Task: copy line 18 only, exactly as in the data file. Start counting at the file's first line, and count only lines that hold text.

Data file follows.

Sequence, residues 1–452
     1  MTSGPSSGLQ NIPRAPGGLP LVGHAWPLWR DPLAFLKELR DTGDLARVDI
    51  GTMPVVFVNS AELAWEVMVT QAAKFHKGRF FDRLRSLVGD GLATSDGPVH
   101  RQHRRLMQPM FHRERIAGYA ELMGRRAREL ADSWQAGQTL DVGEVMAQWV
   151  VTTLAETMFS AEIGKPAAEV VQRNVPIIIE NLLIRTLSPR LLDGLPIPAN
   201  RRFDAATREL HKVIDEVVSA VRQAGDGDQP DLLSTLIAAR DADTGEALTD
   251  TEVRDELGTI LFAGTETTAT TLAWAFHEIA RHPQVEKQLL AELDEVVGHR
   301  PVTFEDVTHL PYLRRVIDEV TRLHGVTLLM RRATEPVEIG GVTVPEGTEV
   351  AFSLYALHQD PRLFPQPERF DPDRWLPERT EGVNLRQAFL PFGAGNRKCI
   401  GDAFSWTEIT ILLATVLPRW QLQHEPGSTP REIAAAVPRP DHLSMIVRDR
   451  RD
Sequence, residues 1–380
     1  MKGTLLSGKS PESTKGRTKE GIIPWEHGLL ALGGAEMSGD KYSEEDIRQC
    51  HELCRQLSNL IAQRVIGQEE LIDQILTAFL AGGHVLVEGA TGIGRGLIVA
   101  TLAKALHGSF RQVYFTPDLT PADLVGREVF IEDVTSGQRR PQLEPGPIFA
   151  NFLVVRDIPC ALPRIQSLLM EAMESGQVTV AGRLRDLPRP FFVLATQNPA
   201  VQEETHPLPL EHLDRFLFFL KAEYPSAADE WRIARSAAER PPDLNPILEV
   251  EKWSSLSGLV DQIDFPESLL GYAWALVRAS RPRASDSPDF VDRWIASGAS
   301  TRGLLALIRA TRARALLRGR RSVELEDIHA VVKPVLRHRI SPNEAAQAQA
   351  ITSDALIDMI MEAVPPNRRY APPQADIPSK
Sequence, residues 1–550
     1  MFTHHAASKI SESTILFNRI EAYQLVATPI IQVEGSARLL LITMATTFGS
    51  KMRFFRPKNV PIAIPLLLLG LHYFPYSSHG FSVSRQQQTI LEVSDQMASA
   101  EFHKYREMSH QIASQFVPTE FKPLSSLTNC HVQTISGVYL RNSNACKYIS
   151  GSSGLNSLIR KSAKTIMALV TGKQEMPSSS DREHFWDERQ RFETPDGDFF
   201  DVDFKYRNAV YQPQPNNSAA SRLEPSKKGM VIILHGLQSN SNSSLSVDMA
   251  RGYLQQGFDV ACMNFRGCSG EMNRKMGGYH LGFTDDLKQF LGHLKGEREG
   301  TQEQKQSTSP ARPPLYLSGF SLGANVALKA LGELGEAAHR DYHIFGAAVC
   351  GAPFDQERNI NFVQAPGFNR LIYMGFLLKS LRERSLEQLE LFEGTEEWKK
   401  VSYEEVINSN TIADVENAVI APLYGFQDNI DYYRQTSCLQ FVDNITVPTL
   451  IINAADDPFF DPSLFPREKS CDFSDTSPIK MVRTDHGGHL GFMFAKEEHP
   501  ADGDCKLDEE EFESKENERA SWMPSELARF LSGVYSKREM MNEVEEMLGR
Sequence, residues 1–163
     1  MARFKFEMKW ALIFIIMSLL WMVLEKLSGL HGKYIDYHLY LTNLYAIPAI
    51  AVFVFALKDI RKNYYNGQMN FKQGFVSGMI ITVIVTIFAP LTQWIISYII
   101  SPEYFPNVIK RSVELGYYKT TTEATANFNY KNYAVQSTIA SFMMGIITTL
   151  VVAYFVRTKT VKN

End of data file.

   251  EKWSSLSGLV DQIDFPESLL GYAWALVRAS RPRASDSPDF VDRWIASGAS